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The internet: a modern-day state of nature

April 15, 2011

Any of you that have ever read through the comments on disliked Youtube videos or browsed through the interminable internet forums of the world know just how unregulated of a place the internet can truly be.  Through the limitlessly-accesible chat rooms and online forums of the internet, we are all the same: black, white, male, female, poor, old, wealthy, racist, humanitarian, it doesn’t matter. As we hide behind the monitors of our respective screens, we recognize that the internet is the great equalizer, and we become people that we aren’t in real life, saying and doing things that we wouldn’t even dream of in the stark light of reality. I’m sure that anybody of my generation can understand what I mean when I say that the internet has the potential to degrade us to our baser, more carnal instincts by providing us a state of nature through which anything and everything can be done and said, and for the most part, done without fear of consequence.

Wikileaks, Anonymous, PirateBay, and so on and so forth: these sites and organizations that constantly spring up all over our newsfeeds are the salient physical (and digital) materializations of the state of nature manifested through the medium of the internet. Like Hobbes’s conception of the state of nature, there is no law in this wasteland of the internet (one of which is simultaneously barren and lush), and man on the internet has a natural right to do anything he wishes and anything he wills to preserve and advance his own life and satisfaction. The internet is a place where both like and oppositely-minded people can congregate together to spit out all the discriminatory diatribes and hate-filled vitriol that they have buried deep within the innermost sanctums of their hearts, a place where they can express their darkest thoughts and feelings without fear of consequences or retaliation.

What keeps many people from expressing intense emotions such as anger and frustration in real life is the fact they are known entities in a surprisingly small world. The anonymity of the Internet essentially levels the playing field for all participants, which could empower some users to express the darker sides of their personalities in ways that would be unthinkable in real life. The ability to post angry or mean-spirited thoughts without tangible consequences could prove to be too much of a temptation for certain personalities. While it could be argued that the anonymity of the Internet does not necessarily promote meanness or anger, it does allow users with the capacity for strong emotions to express them more easily, and with less regard for the consequences of their actions.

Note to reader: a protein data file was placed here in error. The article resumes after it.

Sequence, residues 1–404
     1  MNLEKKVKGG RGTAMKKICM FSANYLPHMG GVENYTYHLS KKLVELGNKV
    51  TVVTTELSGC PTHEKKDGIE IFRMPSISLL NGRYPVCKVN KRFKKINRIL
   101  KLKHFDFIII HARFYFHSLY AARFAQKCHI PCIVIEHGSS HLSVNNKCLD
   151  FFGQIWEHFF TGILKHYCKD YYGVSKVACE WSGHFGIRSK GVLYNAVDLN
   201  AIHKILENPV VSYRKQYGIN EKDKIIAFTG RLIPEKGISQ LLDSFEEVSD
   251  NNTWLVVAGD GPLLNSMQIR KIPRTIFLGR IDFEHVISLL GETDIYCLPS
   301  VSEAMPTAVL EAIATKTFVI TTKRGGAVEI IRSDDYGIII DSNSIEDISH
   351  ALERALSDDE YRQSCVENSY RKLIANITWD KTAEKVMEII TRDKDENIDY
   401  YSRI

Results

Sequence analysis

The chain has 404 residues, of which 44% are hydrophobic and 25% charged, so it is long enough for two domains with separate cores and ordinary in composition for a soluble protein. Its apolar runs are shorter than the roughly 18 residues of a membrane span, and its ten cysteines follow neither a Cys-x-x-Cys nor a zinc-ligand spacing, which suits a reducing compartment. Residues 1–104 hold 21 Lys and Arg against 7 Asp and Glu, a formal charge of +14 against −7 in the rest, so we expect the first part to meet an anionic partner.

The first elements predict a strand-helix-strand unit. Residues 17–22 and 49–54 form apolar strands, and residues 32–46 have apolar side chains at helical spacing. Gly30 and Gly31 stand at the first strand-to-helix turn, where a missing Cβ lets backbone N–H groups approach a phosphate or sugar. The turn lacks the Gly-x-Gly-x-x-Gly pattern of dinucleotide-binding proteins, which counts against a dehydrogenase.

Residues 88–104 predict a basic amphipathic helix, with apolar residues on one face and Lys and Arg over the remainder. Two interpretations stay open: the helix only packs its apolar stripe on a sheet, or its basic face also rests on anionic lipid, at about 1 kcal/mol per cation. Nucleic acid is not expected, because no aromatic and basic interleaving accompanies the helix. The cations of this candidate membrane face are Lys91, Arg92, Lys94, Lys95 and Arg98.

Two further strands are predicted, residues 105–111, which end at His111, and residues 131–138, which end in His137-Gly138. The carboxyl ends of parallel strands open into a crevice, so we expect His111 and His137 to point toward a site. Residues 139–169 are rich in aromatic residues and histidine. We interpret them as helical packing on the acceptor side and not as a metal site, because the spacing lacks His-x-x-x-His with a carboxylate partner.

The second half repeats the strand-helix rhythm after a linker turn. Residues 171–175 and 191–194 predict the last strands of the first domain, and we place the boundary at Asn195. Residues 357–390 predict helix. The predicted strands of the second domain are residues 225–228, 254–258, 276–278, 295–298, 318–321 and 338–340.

Whereas websites and programs such as PirateBay, Wikileaks, Limewire, and 4chan have reinforced in us the proof that even blatantly criminal or deviant organizations are difficult to regulate, and nigh-impossible to completely shut down, criminal cases such as the Armin Meiwes and Julien Barreaux trials have shown us that the internet truly is a place of the “… dissolute condition of masterlesse men, without subjection to Lawes, and a coercive Power to tye their hands from rapine, and revenge.” There is no government in this wild, wild West, and every individual with a computer connected to the internet has a right to do all things that he wishes to do.

Does this characterization of the internet apply to all? Certainly not. Are there caveats to this illustration? Of course. The overwhelming population of individuals who utilize the internet on a daily basis use it for a purpose no more than to check their emails or to Google some information on their favorite indie band or the weather for the day. But there’s no denying that the darker side of the internet does exist, a place of which all can be at war against all if they so choose to, a pseudo-reality that is as close to a modern-day state of nature as there could possibly be. And it is in this alternate reality that faceless delinquents thrive, right down from the hackers, extortionists, and sexual deviants that populate the 5am underground internet chat rooms of the world, to the very you that is reading this post right now.

Members of the Anonymous organization

Further reading:

Ars Technica – Internet Security a Hobbesian State of Nature

Norm Pattis – Welcome to the State of Nature: Internet Violence

Alan Jacobs – The Online State of Nature

Jonathan He
University of Michigan

One Comment
  1. ellerm permalink
    April 16, 2011 3:01 PM

    This is one of the most applicable articles that I have read on this blog. It is applicable, of course, to the youth and, in my opinion, is out of the scope of he older generation’s understanding. In a way, i enjoy the state of nature, as I am young and can take advantage of one of the last frontiers of deregulation. The youth are in command on many sites. I also believe it shows the discrimination, hatred, and jadedness of everyday people. I can’t help but wonder if this is okay. If people couldn’t stream their prejudices into internet comments, would they express them in a more serious environment? Perhaps, if the internet was taken away, there would be no outlet for the state of nature within people.

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